Reed aspires to be need-blind for all applicants, but simply can’t afford such generosity. At some point, something else—faculty salaries, class size, new technology, library purchases—would have to give.
Reed has money, but it isn’t flush by American higher education standards. The endowment stands at about $400 million, well below schools such as Grinnell, Williams, Swarthmore, and Amherst, each with an endowment more than double Reed’s.
To move to need-blind admission —promising to meet the full financial need of all qualified applicants—Reed would have to double the portion of its endowment devoted to financial aid, an amount that now totals approximately $100 million. And the figure would inevitably rise, says institutional research director Jon Rivenburg, as tuition increased and word spread that Reed was need-blind, attracting more needy applicants.
Reed quietly made the shift to a so-called “need-aware” admission policy four years ago. But in fact the college was never truly need-blind.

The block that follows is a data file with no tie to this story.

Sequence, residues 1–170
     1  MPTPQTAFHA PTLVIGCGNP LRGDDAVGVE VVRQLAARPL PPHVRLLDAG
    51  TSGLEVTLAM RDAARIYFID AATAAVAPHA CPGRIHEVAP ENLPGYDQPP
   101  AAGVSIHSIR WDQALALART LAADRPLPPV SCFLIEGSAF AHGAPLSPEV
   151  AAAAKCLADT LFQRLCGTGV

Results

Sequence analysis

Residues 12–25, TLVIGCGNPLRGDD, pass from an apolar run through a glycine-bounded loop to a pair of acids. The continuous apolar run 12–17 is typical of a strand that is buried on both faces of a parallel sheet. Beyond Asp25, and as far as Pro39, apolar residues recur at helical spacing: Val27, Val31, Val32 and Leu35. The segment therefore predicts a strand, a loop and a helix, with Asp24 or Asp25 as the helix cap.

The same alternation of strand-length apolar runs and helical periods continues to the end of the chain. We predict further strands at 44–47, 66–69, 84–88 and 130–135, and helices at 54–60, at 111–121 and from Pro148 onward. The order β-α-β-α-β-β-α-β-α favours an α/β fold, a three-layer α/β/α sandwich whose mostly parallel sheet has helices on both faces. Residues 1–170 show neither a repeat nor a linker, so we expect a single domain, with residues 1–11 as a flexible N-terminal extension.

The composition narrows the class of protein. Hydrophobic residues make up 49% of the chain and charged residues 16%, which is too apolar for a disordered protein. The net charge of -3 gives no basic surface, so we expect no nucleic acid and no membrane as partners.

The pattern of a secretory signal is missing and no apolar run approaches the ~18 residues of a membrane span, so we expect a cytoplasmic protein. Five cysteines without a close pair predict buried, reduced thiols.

Under the old system, all students were admitted on a need-blind basis. However, the small number who required financial aid beyond the college’s ability to afford them fell under a “come anyway” policy. They would be admitted, but denied financial aid. If they came up with first-year tuition on their own, the college would grant financial aid in subsequent years. Unsurprisingly, few came.
Dean of Admission Paul Marthers recalls being flabbergasted when he was told about the previous policy during his job interview. “It was so unusual,” he says.
Steinberger calls the longstanding policy “almost cruel” because, in effect, it told students they were good enough to get in, but too poor to attend. Moreover, the practice was confusing and frequently misunderstood by parents and high school guidance counselors, who thought Reed was stingy with aid money. Diver and Marthers agreed that the policy seemed unfair and did more harm than good.
In 2003, faced with a spike in applications and a rising number of students seeking financial aid, college administrators realized they would need to change the policy or deny aid to a large number of admitted students.
Diver made the decision to go need-aware, starting with the Class of 2007. “We decided it was better to be open and admit to the fact that at some point we run out of money,” he says.
“We’d like to do the idealistic thing,” adds Marthers. “But Reed’s principles are guiding us to do this the right way, the responsible way.”